The Chamber of Commerce sent a letter to members of Congress Tuesday formally endorsing 13 bills in Congress that would close opportunity gaps for Black Americans and people of color.
The letter, which was sent to all 535 Members of Congress, is part of the Chamber’s national Equality of Opportunity initiative. The initiative seeks to develop real, sustainable methods to close systemic, race-based gaps in education, employment, entrepreneurship, and criminal justice.
Included in the bills, many of which have bipartisan support, are the Minority Business Development Act of 2019, which supports entrepreneurship in minority communities; the REAL Act of 2019, which would expand educational and occupational opportunities for incarcerated Americans, and the Driving for Opportunity Act of 2020, which would assist criminal justice efforts.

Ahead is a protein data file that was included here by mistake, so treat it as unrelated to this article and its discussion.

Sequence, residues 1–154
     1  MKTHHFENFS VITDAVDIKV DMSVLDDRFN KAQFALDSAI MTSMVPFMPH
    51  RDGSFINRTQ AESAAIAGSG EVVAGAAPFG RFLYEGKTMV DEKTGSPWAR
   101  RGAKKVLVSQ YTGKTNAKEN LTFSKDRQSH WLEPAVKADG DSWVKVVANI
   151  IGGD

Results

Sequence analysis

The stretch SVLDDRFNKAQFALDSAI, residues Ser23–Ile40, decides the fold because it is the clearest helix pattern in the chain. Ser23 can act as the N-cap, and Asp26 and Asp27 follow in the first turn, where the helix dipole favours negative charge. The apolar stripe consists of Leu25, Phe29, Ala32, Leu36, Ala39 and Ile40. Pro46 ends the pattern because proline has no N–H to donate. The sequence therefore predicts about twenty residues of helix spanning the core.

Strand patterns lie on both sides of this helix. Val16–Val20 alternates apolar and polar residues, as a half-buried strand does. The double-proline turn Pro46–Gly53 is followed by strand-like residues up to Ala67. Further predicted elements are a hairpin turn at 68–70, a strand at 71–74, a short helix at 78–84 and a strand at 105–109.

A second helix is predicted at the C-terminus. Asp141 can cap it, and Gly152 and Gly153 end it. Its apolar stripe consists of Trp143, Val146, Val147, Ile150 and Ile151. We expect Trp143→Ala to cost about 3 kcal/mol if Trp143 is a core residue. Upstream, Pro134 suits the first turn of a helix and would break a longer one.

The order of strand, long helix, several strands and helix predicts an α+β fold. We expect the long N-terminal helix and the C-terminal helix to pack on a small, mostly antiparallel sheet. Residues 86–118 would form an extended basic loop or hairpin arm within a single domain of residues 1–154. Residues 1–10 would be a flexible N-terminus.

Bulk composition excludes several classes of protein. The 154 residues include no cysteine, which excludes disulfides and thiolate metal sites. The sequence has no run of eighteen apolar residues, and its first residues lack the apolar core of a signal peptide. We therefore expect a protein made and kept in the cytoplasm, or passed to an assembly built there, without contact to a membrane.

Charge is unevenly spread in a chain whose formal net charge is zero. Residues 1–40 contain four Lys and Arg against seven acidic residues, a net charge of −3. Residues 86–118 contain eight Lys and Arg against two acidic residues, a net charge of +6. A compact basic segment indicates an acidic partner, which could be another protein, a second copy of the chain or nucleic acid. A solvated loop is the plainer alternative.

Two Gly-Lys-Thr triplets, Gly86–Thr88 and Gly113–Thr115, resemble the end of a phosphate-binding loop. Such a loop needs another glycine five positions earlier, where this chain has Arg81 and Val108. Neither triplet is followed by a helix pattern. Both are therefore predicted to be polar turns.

“This is the next step in our commitment to listen, learn, and lead the way to solutions addressing the longstanding, systemic challenges and bridge the opportunity gaps that Black Americans and people of color face,” Neil Bradley, Executive Vice President and Chief Policy Officer of the U.S. Chamber of Commerce said in the letter. “The Chamber and our hundreds of partners across the country are putting the collective muscle of American business behind these bills, which will get us closer to all Americans having equal opportunities to succeed.”
Additionally, the Chamber is meeting and working with its network of more than 1,500 local and state chambers nationwide to advance policy solutions and to identify and scale private-sector solutions and best practices to help close opportunity gaps.
Other bills endorsed by the Chamber include the College Transparency Act, the Improving Corporate Governance Through Diversity Act of 2019, the Act Targeting Resources to Communities in Need, the Minority Business Resiliency Act of 2020, the Clean Slate Act of 2019, and the Necessary Entrepreneurship Workshops via the SBA to Transform and Assist Re-entry Training Act of 2019.
Many of theses bills are stuck in the Senate as Majority Leader Mitch McConnell has refused to put them up for a vote along with many others.